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The safety, immunogenicity, and efficacy of the mRNA-1273 vaccine in children aged 6-11


In a recent study published in The New England Journal of Medicine, researchers evaluated the safety, immunogenicity, and efficacy of the messenger ribonucleic acid (mRNA)-1273 vaccine in children.

Study: Evaluation of mRNA-1273 Covid-19 Vaccine in Children 6 to 11 Years of Age. Image Credit: Uryupina Nadezhda/Shutterstock

Background

Like adults, coronavirus disease 2019 (COVID-19) has disrupted the lives of children, affecting their academic life and overall well-being. Moreover, severe acute respiratory syndrome coronavirus 2 (SARS-CoV-2) infection can cause a multisystem inflammatory syndrome in children (MIS-C), necessitating protection via vaccination. Subsequently, the US Food and Drug Administration (FDA) recently issued provisional emergency use authorization (EUA) for the mRNA-1273 vaccine for children in countries outside the US.

About the study

The current phase II-III clinical trial study, termed the KIDCove trial, was completed in two parts. Part one of the trial was open-label for dose selection, while part two was a blinded, placebo trial evaluating the expansion of the selected dose.

Based on the safety and immunogenicity results of part 1  of the trial, researchers selected the 50-μg dosage level for part 2. Next, they randomly assigned 4016 eligible children in a ratio of 3:1 using a centralized interactive response technology system. These children received two doses of mRNA-1273 vaccine or placebo of 50 μg each at an interval of 28 days. The team then followed for 82 days on average after the first injection.

There were three age-based cohorts of the children participating in the trial – 6 months to 23 months, two to five years, and six to 11 years. These children were enrolled at 79 sites in the US and eight sites in Canada. Since the study population was so diverse, the results of this large trial could be generalized to various populations of children.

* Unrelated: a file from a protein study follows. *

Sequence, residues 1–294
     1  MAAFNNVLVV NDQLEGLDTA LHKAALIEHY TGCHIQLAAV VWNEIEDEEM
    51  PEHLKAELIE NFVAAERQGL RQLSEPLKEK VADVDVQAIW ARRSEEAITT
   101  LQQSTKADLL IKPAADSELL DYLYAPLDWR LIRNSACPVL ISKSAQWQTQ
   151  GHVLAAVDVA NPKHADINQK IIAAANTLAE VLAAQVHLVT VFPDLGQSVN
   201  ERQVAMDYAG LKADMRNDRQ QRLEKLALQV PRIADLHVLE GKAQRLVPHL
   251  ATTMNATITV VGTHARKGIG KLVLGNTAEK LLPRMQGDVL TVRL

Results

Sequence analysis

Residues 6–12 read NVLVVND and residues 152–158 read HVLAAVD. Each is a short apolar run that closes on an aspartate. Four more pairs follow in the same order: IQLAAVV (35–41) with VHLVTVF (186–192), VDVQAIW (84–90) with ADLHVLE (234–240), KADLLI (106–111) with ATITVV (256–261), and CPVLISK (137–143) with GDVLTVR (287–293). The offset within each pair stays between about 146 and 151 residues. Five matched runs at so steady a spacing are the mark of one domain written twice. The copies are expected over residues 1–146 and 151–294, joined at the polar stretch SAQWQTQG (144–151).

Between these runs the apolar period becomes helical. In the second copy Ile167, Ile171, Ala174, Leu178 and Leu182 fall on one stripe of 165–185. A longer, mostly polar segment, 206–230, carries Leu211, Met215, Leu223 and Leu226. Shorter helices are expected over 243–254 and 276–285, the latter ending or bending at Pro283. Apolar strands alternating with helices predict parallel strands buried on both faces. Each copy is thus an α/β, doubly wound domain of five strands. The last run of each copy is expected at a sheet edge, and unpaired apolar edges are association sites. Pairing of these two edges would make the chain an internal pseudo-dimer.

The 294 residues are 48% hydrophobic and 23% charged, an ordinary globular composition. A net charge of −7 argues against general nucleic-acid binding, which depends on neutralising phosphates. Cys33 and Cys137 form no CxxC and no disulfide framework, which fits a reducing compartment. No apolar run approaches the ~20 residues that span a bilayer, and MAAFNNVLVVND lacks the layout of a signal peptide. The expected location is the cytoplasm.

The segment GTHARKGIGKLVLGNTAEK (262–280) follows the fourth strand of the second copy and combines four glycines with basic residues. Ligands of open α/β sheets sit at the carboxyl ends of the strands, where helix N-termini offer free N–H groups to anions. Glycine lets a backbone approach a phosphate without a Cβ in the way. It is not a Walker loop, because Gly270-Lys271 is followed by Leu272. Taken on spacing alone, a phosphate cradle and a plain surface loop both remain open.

The researchers generated the safety profile of the mRNA1273 vaccine in children compared to young adults participating in a related phase III clinical trial. More specifically, they ascertained that the elicited immune response in children was comparable to adults and not inferior.

Study findings

The authors noted only low-grade, transient adverse events in 4016 children who received a 50-μg dose. These adverse events commonly included injection-site pain, headache, and fatigue. By the cut-off date of the present trial, the authors observed no vaccine-related serious adverse events in children. There were no signs of MIS-C, myocarditis, or pericarditis.

Compared to young adults who received a 100-μg dosage of the mRNA-1273 vaccine, children receiving a 50-μg dosage had higher neutralizing antibody (nAb) titers. The nAB titers in children vs. young adults were 1610 and 1300, respectively, post one month of receiving the second dose, i.e., day 57. Moreover, the magnitude of the geometric mean titer (GMT) of nAbs at day 57 well correlated with a 69% reduced COVID-19 risk in the COVE trial. Additionally, 99% of both age group participants showed serologic responses, pointing to the success of the pre-specified non-inferiority criterion.

It is noteworthy that against any incidence of COVID-19 within 14 days post first vaccine dose, first injection, the vaccine efficacy was 88.0%, according to the Centers for Disease Control and Prevention (CDC) definition. This study observation corresponds to the time when SARS-CoV-2 Delta (B.1.617.2) variant was dominant in the US.

Conclusions

The present study presented the interim results of the ongoing KidCOVE trial. The findings demonstrated that a 50-μg dose level of the mRNA-1273 vaccine provided a protective benefit in children aged six to 11 years against SARS-CoV-2 and its variants beginning 14 days after the first injection. Additionally, it had an acceptable safety profile and high efficacy.

Journal reference:

  • Evaluation of mRNA-1273 Covid-19 Vaccine in Children 6 to 11 Years of Age, C. Buddy Creech, Evan Anderson, Vladimir Berthaud, Inci Yildirim, Andrew M. Atz, Ivan Melendez Baez, Daniel Finkelstein, Paul Pickrell, Judith Kirstein, Clifford Yut, Ronald Blair, Robert A. Clifford, et al.. The New England Journal of Medicine. doi: 10.1056/NEJMoa2203315 https://www.nejm.org/doi/full/10.1056/NEJMoa2203315
     



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